Our country is deeply partisan. Yet Americans are also frustrated with the failure of both parties to get anything done. Over time, I believe that partisan brinksmanship will lose popularity.

There are some glimmers of hope. Thirteen states have agreed to curb the gerrymandering of congressional districts by having nonpartisan commissions draw districts instead of state legislatures. Multiple studies have shown that gerrymandering by partisan state legislatures has created a House of Representatives where liberal Democrats and conservative Republicans coast to re-election.

A study released by the Bipartisan Policy Center the 2012 House races will have the lowest number of competitive seats in over 40 years. There were 152 competitive seats in the 1970s, according to the study. Today, that number has dropped to 101.

In 1992 there were 96 House districts that voted for one party in the congressional race and another for president. That number has now dwindled to a half dozen.

Some politicians show that partisan divides can be bridged. New Jersey Governor Chris Christie is a popular Republican governor of a state that voted 58 percent for Obama and 41 percent for Romney. Jeb Bush has shown the same skills. So have Republican Senators and Gang of 8 members Saxby Chambliss of Georgia, Tom Coburn of Oklahoma, Mike Crapo of Idaho, and Mike Johanns of Nebraska.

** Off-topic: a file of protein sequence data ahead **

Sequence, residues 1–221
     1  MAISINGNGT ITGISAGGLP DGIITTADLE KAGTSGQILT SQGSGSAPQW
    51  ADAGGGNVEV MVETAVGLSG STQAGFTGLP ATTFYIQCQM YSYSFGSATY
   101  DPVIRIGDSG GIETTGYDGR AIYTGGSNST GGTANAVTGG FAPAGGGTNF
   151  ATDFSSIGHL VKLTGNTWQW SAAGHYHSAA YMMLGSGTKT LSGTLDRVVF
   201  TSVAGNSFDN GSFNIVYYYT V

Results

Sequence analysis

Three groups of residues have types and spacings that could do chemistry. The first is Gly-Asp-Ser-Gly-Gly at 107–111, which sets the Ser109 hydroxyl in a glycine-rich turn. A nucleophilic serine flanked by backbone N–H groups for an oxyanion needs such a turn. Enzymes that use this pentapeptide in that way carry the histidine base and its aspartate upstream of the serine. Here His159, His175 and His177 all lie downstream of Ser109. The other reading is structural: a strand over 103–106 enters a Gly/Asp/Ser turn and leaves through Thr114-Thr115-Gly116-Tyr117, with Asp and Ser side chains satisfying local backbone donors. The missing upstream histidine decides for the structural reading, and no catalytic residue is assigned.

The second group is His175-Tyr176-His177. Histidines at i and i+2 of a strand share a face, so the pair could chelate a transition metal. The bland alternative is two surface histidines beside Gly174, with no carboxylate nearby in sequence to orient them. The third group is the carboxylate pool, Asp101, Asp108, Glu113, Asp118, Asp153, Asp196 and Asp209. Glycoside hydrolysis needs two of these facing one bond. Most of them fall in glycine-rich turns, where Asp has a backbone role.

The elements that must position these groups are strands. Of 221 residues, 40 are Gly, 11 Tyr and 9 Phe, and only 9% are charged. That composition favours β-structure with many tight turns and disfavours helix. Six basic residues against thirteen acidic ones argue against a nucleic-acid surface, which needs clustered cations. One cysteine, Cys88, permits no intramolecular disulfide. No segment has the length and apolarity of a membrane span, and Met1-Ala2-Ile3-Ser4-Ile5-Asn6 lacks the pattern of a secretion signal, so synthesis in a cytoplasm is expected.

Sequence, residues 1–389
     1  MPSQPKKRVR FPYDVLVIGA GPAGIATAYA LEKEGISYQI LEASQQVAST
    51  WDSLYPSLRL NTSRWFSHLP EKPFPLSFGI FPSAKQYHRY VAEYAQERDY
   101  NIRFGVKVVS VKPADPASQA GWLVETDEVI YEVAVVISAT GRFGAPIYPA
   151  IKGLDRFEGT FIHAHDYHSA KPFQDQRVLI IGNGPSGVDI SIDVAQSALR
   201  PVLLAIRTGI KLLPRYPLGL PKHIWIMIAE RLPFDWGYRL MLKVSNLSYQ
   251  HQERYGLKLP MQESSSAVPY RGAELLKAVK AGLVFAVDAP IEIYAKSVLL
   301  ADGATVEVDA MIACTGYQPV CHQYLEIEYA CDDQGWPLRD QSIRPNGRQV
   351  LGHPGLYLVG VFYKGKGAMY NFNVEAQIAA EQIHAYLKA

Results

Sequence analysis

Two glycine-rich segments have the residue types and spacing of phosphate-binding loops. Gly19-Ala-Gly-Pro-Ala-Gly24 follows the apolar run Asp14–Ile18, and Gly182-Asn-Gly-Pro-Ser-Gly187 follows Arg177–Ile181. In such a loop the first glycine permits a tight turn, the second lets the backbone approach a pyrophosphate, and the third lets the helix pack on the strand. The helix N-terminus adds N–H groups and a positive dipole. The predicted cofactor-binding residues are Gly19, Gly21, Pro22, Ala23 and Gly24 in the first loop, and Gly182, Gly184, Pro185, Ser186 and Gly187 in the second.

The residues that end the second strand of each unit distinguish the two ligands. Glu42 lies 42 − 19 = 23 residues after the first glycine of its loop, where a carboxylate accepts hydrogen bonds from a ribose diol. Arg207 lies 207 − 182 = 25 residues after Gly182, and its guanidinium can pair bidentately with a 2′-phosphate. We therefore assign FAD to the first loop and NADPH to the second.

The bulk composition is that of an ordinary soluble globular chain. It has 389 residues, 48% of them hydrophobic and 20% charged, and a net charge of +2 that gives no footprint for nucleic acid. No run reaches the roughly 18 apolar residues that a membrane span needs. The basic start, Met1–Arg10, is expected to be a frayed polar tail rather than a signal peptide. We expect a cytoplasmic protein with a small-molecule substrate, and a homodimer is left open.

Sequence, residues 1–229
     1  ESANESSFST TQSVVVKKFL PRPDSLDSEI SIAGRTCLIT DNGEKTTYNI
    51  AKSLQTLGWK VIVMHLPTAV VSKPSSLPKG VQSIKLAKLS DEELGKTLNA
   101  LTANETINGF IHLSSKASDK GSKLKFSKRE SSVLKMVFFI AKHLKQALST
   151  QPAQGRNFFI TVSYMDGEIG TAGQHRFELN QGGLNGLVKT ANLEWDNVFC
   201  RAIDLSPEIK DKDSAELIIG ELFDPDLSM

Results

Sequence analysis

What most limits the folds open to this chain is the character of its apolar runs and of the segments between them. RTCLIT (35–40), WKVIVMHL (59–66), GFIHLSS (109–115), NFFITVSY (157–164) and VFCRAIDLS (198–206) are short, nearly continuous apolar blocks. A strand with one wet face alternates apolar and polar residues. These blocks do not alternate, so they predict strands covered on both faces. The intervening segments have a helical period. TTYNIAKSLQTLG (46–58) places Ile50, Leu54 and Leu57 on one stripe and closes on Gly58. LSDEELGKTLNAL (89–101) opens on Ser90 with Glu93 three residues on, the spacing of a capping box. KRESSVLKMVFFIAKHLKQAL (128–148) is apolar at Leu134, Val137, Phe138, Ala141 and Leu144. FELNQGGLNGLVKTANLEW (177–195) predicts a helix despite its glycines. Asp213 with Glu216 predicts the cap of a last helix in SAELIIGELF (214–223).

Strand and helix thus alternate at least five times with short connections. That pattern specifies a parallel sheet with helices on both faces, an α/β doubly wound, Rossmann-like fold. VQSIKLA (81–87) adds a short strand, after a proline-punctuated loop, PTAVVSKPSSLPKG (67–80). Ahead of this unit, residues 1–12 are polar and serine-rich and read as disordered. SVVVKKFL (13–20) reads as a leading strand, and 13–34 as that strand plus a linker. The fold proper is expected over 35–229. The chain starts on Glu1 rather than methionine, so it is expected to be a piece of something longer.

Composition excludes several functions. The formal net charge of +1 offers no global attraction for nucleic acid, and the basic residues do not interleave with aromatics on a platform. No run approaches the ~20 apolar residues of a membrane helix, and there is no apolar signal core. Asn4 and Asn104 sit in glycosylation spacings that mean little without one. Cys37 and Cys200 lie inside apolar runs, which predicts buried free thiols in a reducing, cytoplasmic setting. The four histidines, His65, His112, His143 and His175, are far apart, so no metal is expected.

It will take years to narrow our vast political divide. But I believe the dysfunction it breeds is becoming more and more apparent to voters. A "grand bargain" to avoid the fiscal cliff would be an enormous step forward. A small one is giving conservatives credit where credit is due. I applaud Gingrich and the Fox News commentators. More people from across the political spectrum should.

This post also appears at Reuters.com, an Atlantic partner site.

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David Rohde is an investigative reporter for Reuters and a contributing editor for The Atlantic. A two-time winner of the Pulitzer Prize, he is a former foreign correspondent for The New York Times and The Christian Science Monitor. His latest book, Beyond War: Reimagining American Influence in a New Middle East, was published in 2013. More

He is also the author of Endgame and, with Kristen Mulvihill, A Rope and a Prayer. He lives in New York City.